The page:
Victoria (Gozo)

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Francesco Agius de Soldanis in his manuscript Gozo Antico e Moderno (1746) says that on the 9th October 1583, some pirates from the Barbary Coast landed in Gozo from Bizerta and stole lots of things, money and books. This theft deprived the monks of all documentary records that showed when the first Augustinian convent in Gozo was built.

Amongst a lot of ancient tales linked to the presence of the Augustinians in Gozo, before the established themselves in Rabat, there is the story that they looked after a small church in the limits of Xaghra, dedicated to St. Mary of the Seven Joys (S. Maria Septem Gaudiorum), nowadays called“Ta’ Gajdoru”.

The church of St. Augustine was listed as one of those where one could receive the Indulgence of the Greet Jubilee of1450. This could mean that the Augustinian presence goes back to the 15th century. According to other documents, in the year 1465, the noble Antonio de Naso made an offer for a bell to be cast for the church of St. Augustine. In 1470, a cemetery that stood near the convent and church was already referred to as “of St. Augustine”.

In 1533, the convent was enlarged, while the church was renovated. Due to its small size and the small number of monks living in it, the convent in Gozo was hit by what has remained known as the “Innocentian suppression” that happened by order of Pope Innocent X on the 15th October 1652. The loss of the convent and church lasted only four months as the convent was reopened upon the request of Grand Master Lascaris Castellar.

In 1662 the need was felt for the church to be rebuilt due to the fact that the existing one was old and threatened to collapse. The building of the new church was completed four years later in 1666. Despite this the church was consecrated by bishop Labini on the 12th May 1782. In 1679 the decision was also taken to build a new belfry.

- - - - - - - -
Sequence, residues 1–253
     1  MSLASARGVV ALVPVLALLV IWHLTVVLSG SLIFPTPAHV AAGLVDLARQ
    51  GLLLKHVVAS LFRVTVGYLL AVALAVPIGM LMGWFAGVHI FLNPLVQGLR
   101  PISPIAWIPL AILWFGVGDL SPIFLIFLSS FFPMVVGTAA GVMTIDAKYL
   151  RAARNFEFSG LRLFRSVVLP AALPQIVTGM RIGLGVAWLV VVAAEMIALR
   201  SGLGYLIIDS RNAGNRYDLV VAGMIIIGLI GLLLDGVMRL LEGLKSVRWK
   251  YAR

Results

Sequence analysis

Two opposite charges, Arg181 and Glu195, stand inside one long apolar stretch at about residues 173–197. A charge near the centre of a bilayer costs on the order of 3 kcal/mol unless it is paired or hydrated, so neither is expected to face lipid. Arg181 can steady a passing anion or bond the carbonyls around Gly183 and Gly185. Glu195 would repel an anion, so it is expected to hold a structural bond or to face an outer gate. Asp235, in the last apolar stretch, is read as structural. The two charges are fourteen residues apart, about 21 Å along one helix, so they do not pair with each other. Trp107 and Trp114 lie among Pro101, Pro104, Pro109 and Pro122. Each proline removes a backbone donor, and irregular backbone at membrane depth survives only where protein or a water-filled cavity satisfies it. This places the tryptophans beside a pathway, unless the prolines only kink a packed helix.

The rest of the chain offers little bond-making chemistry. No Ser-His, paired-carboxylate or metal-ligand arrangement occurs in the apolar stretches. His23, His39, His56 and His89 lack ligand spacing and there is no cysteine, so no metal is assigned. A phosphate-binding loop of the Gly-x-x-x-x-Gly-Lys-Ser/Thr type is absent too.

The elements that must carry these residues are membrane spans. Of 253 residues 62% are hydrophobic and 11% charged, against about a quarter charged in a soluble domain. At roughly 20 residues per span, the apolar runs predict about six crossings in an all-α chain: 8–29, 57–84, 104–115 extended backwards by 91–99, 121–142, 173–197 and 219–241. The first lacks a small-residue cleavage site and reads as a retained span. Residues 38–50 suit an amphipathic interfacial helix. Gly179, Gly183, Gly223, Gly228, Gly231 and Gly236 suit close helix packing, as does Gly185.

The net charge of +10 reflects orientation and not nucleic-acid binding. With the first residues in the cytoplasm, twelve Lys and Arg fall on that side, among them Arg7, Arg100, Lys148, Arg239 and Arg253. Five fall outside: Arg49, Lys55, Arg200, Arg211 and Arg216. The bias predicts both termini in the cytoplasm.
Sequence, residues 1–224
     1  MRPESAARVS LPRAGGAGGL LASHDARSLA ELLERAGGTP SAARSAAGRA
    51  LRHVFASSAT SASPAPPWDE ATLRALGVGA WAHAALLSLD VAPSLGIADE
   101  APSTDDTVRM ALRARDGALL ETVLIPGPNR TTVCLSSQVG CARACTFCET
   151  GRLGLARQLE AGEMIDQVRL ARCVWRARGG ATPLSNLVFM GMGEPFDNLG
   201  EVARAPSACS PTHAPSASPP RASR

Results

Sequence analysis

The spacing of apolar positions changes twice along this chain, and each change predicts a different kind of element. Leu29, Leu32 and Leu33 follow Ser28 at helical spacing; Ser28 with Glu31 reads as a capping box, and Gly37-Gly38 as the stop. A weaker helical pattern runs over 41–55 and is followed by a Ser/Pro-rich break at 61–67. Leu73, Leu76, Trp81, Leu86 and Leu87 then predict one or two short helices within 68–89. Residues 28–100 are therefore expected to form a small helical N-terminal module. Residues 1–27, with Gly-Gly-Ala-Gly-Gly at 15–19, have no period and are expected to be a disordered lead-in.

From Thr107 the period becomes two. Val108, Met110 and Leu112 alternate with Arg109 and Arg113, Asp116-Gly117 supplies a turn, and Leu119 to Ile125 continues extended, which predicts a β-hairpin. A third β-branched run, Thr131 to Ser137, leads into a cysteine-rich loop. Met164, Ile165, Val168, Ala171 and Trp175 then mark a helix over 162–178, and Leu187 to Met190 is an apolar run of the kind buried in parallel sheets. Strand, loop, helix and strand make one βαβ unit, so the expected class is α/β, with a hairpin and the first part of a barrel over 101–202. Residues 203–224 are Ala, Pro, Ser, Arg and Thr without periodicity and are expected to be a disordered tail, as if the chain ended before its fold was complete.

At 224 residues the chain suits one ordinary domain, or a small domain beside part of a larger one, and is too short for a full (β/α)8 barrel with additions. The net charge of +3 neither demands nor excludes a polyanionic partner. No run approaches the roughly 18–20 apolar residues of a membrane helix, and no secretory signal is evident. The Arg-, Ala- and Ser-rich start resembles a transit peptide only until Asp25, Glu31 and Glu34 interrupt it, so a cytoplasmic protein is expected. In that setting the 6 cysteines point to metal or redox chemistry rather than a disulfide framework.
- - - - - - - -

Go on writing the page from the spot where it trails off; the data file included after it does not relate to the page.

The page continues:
In the year 1690, work started on the enlargement of the convent. The great earthquake that hit the Maltese islands in 1693 made it urgent for a new convent to be built. The architect Ferdinand Valletta was engaged for this project and the work was completed in 1717. The convent was built in a monastic style where the monks’ rooms were built around the cloister. However, due to the wind and rain in winter and the summer heat, in 1724 the open cloister was closed with windows. 

The most beautiful work of art that is found in the church is the titular painting by Mattia Preti (1694) and his school of Saint Augustine that is found in the choir. The image of our Lady of Good Counsel that is found in the centre of the Main Altar was brought from Rome in the year 1765. On the 14th August 1767, the noble Giuseppe Dandalone offered to build the Main Altar in fine marble and to place the small image of Our Lady inside it. From that time onwards, the Main Altar was dedicated to our Lady of Good Counsel.

In preparation for the centenary celebrations of St. Augustine, in December 1929, the belfry was rebuilt and in the year 1931 some alterations in the church were made. The two balconies on both sides of the choir that used to serve for the organ were closed. These were replaced with two large paintings by the artist Briffa, one representing the baptism of St. Augustine by St. Ambrose, and the other showing St. Augustine giving the Rule to various religious orders. As these modifications made the main altar look a bit small it was decided to dismantle it and enlarge it.

On the 31st July 1932, the opening of a new novitiate in the Gozo convent was authorised. A few days later work started on the building of a new floor. Today the convent has been transformed as a retreat house.


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